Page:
Before the last election, the actor Michael J. Fox, who suffers from Parkinson's and has become an advocate for stem cell research that might lead to a cure, made an ad in support of Claire McCaskill, the Democratic candidate for Senator in Missouri. It was an effective ad, in part because Mr. Fox's affliction was obvious.
And Rush Limbaugh - displaying the same style he exhibited in his recent claim that members of the military who oppose the Iraq war are "phony soldiers" and his later comparison of a wounded vet who criticized him for that remark to a suicide bomber - immediately accused Mr. Fox of faking it. "In this commercial, he is exaggerating the effects of the disease. He is moving all around and shaking. And it's purely an act." Heh-heh-heh.
Of course, minimizing and mocking the suffering of others is a natural strategy for political figures who advocate lower taxes on the rich and less help for the poor and unlucky. But I believe that the lack of empathy shown by Mr. Limbaugh, Mr. Kristol, and, yes, Mr. Bush is genuine, not feigned.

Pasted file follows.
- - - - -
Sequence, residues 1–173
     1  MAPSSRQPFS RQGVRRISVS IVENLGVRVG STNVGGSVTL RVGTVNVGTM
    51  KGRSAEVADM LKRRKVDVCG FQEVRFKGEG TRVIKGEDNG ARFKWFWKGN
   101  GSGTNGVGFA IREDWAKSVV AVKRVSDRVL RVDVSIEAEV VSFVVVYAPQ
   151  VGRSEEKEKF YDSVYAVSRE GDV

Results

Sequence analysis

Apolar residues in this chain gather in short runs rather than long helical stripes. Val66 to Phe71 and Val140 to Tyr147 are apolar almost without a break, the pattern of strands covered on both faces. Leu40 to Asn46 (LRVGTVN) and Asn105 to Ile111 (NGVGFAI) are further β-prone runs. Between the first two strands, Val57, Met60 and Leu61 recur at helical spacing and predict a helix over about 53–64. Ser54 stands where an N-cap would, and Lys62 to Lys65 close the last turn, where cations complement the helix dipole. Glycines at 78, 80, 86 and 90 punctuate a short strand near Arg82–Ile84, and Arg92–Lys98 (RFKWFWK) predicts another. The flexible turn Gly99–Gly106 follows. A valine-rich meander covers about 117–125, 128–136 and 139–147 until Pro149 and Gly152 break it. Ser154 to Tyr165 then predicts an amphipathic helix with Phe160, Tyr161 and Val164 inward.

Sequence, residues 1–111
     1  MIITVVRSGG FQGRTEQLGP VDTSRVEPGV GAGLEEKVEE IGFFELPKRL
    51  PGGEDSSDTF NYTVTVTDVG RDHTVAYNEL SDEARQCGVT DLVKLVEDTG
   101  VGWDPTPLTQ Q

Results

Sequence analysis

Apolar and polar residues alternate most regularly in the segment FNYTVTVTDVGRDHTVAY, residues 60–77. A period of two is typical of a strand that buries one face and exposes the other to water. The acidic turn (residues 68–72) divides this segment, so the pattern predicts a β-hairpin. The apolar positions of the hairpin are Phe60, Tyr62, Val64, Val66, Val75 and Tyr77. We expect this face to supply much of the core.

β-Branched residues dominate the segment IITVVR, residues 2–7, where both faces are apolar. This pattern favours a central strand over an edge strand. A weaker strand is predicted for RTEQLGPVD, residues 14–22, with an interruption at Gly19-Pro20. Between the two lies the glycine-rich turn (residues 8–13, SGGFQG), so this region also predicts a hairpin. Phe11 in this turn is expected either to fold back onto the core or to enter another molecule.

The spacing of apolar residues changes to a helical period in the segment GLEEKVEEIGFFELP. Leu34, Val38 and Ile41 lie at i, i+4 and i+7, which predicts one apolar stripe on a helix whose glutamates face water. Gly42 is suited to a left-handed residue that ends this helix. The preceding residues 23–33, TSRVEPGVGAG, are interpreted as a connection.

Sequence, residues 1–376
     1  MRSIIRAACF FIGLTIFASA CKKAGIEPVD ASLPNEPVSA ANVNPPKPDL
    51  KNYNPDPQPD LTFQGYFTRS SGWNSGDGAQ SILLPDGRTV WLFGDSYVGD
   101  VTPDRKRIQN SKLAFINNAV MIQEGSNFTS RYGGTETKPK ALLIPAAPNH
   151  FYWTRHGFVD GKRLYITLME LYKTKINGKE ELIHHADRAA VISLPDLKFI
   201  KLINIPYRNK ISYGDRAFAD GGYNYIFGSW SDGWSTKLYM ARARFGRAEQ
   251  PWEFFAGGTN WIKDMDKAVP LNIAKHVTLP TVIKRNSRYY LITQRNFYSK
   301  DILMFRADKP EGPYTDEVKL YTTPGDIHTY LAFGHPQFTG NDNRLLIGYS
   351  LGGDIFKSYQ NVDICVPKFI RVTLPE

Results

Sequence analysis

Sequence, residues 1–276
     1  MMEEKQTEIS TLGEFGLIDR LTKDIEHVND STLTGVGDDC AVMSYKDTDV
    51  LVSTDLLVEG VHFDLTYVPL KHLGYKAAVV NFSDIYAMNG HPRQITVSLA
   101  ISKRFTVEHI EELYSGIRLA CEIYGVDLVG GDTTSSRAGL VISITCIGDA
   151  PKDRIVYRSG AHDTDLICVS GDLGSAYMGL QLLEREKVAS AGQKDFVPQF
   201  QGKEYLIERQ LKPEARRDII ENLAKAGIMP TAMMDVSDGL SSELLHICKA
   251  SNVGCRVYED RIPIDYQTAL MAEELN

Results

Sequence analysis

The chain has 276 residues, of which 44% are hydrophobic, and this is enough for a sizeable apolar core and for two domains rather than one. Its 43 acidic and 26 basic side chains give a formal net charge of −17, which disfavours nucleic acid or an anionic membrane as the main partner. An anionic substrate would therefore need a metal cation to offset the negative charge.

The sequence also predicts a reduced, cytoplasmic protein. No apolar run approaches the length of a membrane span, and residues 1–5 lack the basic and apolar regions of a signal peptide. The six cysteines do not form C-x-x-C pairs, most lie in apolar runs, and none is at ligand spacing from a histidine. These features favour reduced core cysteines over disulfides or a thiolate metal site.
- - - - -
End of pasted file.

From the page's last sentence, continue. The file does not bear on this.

Mark Crispin Miller, the author of "The Bush Dyslexicon," once made a striking observation: all of the famous Bush malapropisms - "I know how hard it is for you to put food on your family," and so on - have involved occasions when Mr. Bush was trying to sound caring and compassionate.
By contrast, Mr. Bush is articulate and even grammatical when he talks about punishing people; that's when he's speaking from the heart. The only animation Mr. Bush showed during the flooding of New Orleans was when he declared "zero tolerance of people breaking the law," even those breaking into abandoned stores in search of the food and water they weren't getting from his administration.
What's happening, presumably, is that modern movement conservatism attracts a certain personality type. If you identify with the downtrodden, even a little, you don’t belong. If you think ridicule is an appropriate response to other peoples' woes, you fit right in.
And Republican disillusionment with Mr. Bush does not appear to signal any change in that regard. On the contrary, the leading candidates for the Republican nomination have gone out of their way to condemn "socialism," which is G.O.P.-speak for any attempt to help the less fortunate.
So once again, if you’re poor or you're sick or you don't have health insurance, remember this: these people think your problems are funny.
More of the column Conservatives Are Such Jokers at the NYTimes